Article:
While Internet Explorer’s implementation of CSS was limited to font family, font size, colors, backgrounds, and margins, the implementation was solid and usable. Meanwhile, Netscape 4′s implementation was buggy and hard to work with. Yes, in some small way, Internet Explorer led to the success of CSS.

The box model, an important foundation of CSS, was heavily influenced by Internet Explorer. Their first implementation in Internet Explorer 5 interpreted width and height to mean that the element should be that size in total, including padding and border. This came to be known as border-box sizing. The W3C decided that the appropriate box sizing method was content-box, where width and height specified only the size of the box in which the content lived so that padding and border added size to the element. While Internet Explorer switched its standards mode to use the content-box approach to match the standard, Internet Explorer 8 introduced the box-sizing property as a way for developers to switch back to the border-box model. Of course, box-sizing was standardized in CSS312 and some, most notably Paul Irish, recommend that you should change your default box-sizing to border-box13.

Internet Explorer also brought us other CSS innovations that ended up being standardized:

  • text-overflow – used to show ellipses when text is larger than its container. First appeared in Internet Explorer 6 and standardized in CSS314. Now supported in all major browsers.
  • overflow-x and overflow-y – allows you to control overflow in two separate directions of the container. This property first appeared in Internet Explorer 5 and later was formalized in CSS315. Now supported in all major browsers.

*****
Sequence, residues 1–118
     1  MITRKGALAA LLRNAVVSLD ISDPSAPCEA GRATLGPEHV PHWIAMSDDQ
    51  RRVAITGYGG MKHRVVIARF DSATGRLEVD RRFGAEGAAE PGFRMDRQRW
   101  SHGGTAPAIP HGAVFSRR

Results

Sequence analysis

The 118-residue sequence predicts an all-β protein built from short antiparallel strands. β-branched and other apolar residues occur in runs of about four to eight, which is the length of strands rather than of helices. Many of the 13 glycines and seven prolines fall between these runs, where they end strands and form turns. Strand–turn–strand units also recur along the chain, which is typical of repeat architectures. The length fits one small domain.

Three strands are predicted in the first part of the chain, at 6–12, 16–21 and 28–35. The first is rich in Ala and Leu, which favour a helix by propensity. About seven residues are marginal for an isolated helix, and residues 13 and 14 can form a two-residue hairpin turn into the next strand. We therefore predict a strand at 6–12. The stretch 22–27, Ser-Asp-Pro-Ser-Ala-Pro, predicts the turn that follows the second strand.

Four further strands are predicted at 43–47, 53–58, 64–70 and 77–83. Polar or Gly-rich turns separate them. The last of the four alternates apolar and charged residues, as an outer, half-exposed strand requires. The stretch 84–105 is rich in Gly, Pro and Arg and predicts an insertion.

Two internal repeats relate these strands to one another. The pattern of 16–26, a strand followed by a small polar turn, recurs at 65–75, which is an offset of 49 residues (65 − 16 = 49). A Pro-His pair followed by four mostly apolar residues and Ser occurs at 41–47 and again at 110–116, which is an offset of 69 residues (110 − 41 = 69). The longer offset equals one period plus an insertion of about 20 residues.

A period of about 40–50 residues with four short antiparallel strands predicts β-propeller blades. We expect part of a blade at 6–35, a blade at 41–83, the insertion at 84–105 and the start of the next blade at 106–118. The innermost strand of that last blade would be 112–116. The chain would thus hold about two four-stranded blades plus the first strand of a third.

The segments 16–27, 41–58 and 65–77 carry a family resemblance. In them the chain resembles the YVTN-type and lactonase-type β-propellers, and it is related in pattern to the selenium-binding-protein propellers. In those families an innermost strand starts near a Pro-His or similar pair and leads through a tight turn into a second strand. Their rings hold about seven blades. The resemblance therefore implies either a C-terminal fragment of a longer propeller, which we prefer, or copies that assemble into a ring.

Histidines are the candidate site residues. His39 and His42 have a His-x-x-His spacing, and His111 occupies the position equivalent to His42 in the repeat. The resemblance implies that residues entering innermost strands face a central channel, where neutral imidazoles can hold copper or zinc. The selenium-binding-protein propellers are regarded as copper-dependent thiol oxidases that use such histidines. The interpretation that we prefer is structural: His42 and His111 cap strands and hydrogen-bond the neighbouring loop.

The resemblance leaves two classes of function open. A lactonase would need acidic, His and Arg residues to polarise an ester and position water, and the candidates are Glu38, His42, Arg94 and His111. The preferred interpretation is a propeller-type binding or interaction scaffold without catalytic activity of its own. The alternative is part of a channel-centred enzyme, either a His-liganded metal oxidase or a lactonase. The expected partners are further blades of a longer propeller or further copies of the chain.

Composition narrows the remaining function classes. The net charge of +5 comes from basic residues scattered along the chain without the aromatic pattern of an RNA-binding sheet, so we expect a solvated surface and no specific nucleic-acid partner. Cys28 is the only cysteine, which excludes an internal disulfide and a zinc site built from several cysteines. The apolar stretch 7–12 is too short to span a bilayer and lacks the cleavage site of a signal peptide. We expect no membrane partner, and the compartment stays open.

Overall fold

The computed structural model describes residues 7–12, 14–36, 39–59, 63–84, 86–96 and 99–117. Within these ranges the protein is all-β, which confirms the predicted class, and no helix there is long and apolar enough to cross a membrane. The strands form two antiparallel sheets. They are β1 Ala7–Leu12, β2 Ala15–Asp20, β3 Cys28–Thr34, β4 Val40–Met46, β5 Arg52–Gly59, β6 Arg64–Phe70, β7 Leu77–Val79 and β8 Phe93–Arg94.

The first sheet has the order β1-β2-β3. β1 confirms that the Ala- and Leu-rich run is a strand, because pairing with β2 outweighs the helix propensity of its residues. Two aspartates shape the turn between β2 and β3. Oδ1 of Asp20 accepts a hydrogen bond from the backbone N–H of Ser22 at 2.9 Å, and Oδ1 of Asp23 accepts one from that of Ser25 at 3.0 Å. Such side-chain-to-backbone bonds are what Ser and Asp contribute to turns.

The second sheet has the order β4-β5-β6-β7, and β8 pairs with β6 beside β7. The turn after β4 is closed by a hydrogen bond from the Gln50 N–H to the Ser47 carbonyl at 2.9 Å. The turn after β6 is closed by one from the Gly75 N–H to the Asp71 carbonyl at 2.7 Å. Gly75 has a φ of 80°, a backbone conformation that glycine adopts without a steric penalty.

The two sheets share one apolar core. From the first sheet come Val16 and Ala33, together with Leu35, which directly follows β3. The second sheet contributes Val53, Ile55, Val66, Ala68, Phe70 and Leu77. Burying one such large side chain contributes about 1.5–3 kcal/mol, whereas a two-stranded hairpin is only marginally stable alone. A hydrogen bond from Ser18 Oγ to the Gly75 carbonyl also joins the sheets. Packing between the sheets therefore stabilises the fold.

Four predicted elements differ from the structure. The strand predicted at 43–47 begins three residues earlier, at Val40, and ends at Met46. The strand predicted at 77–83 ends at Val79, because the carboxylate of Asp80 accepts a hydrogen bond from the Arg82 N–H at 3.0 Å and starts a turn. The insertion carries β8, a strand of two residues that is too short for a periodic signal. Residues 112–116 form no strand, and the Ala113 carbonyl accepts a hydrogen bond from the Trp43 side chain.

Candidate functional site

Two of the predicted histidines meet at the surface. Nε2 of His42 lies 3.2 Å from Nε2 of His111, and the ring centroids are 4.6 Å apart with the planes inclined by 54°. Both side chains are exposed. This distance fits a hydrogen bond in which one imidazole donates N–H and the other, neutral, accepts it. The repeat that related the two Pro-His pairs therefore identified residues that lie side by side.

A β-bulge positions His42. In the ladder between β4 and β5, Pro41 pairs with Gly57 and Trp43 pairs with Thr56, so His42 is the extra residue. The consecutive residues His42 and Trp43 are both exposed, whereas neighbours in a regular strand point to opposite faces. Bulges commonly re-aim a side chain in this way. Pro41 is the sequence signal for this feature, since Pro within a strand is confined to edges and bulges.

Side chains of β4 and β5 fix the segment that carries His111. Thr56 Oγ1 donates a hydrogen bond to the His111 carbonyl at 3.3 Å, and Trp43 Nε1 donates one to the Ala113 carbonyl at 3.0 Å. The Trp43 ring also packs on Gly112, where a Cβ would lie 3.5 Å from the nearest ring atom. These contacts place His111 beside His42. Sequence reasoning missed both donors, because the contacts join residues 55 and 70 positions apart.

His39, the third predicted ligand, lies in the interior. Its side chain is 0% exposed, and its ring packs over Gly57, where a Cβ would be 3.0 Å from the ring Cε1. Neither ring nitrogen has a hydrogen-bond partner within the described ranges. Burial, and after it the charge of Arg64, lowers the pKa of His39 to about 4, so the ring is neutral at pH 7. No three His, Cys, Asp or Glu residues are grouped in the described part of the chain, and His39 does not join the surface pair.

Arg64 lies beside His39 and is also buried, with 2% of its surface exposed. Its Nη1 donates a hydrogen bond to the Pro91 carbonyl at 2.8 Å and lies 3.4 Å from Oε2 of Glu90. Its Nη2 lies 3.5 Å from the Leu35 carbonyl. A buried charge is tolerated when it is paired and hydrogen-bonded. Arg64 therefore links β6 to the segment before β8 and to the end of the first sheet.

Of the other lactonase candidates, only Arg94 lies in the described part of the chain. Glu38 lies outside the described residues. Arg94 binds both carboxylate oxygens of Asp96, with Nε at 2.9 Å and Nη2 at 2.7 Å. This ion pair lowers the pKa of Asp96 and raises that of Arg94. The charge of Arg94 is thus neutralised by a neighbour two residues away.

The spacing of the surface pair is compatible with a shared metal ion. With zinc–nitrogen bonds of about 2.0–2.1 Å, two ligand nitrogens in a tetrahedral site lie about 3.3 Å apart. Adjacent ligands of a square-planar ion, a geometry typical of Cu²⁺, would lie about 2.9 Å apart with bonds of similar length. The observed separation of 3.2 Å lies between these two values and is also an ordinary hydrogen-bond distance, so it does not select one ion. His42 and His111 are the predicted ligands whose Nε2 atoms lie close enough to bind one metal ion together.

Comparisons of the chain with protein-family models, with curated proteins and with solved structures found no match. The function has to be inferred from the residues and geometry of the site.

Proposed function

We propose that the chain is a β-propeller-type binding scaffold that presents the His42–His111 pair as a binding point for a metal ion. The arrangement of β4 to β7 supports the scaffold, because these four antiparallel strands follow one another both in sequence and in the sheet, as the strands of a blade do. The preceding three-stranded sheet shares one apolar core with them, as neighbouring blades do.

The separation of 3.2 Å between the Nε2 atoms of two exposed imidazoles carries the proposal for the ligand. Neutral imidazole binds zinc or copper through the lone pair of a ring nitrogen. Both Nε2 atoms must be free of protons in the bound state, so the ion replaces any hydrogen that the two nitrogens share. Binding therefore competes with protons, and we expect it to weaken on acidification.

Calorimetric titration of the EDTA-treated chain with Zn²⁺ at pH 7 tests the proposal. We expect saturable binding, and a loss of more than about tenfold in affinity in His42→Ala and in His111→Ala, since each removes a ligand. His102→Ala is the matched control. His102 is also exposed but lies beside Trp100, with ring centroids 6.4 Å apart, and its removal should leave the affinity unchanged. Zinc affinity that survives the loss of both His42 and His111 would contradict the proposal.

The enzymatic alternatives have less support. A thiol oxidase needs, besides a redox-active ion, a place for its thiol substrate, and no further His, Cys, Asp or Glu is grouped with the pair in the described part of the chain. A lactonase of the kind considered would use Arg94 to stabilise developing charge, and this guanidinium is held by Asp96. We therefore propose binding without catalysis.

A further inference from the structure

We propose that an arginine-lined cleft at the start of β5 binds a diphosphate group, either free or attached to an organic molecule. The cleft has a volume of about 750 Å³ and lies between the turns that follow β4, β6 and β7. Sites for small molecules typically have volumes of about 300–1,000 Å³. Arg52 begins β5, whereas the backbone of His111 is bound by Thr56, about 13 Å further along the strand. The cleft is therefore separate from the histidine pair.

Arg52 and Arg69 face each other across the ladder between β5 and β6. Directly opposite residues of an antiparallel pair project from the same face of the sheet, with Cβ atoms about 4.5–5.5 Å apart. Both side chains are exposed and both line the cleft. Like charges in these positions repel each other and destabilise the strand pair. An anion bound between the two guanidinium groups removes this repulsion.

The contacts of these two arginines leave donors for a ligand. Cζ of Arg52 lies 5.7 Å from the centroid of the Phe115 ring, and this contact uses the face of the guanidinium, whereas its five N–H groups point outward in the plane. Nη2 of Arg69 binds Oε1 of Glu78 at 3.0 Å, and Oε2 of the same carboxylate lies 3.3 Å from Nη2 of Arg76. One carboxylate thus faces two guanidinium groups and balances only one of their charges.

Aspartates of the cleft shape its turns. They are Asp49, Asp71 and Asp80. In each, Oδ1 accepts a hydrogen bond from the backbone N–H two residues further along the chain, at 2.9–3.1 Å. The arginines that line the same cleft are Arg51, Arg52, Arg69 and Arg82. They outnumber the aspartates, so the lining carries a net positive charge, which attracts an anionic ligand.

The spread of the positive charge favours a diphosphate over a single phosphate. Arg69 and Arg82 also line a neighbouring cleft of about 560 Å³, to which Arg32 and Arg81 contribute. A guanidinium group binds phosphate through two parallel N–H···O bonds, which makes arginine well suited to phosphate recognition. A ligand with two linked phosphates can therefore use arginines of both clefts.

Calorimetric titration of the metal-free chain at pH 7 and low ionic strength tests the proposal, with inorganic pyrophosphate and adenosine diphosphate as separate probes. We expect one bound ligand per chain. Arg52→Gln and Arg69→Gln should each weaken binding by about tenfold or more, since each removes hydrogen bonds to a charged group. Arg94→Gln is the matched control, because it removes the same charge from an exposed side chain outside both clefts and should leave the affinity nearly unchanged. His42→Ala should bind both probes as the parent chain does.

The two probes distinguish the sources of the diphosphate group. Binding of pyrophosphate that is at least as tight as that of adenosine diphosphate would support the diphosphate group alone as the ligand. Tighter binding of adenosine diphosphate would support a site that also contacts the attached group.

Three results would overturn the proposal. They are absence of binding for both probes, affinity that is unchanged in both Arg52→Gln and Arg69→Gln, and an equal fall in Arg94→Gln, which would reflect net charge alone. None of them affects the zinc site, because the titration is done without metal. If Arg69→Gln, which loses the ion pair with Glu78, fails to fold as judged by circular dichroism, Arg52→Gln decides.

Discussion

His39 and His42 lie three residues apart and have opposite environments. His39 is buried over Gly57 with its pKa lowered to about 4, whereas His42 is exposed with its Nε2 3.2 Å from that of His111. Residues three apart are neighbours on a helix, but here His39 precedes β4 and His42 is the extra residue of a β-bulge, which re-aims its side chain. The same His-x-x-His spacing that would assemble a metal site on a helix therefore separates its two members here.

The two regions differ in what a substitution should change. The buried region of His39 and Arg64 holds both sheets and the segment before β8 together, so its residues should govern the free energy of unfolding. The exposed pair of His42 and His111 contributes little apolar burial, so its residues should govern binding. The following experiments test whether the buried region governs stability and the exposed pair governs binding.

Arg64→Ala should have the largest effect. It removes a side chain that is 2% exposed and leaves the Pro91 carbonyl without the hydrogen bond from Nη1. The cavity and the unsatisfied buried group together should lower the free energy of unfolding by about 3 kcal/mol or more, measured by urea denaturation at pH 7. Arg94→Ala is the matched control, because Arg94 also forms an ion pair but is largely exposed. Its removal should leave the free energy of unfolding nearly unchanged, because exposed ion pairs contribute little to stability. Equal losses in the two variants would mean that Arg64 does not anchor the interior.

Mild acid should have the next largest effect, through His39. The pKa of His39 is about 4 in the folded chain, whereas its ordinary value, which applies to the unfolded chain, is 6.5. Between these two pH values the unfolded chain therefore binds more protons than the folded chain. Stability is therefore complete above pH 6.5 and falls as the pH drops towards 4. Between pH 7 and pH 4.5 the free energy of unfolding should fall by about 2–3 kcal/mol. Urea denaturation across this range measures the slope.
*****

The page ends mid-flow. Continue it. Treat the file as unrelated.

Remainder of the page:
• word-break – used to specify line breaking rules between words. Originally in Internet Explorer 5.5 and now standardized in CSS316. Supported in all major browsers except Opera.
  • word-wrap – specifies whether the browser should break lines in the middle of words are not. First created for Internet Explorer 5.5 and now standardized in CSS3 as overflow-wrap17, although all major browsers support it as word-wrap.

Additionally, many of the new CSS3 visual effects have Internet Explorer to thank for laying the groundwork. Internet Explorer 4 introduced the proprietary filter property making it the first browser capable of:

  • Generating gradients from CSS instructions (CSS3: gradients)
  • Creating semitransparent elements with an alpha filter (CSS3: opacity and RGBA)
  • Rotating an element an arbitrary number of degrees (CSS3: transform with rotate())
  • Applying a drop shadow to an element (CSS3: box-shadow)
  • Applying a matrix transform to an element (CSS3: transform with matrix())

Additionally, Internet Explorer 4 had a feature called transitions, which allowed you to create some basic animation on the page using filters. The transitions were mostly based on the transitions commonly available in PowerPoint at the time, such as fading in or out, checkerboard, and so on18.

All of these capabilities are featured in CSS3 in one way or another. It’s pretty amazing that Internet Explorer 4, released in 1997, had all of these capabilities and we are now just starting to get the same capabilities in other browsers.

Other HTML5 contributions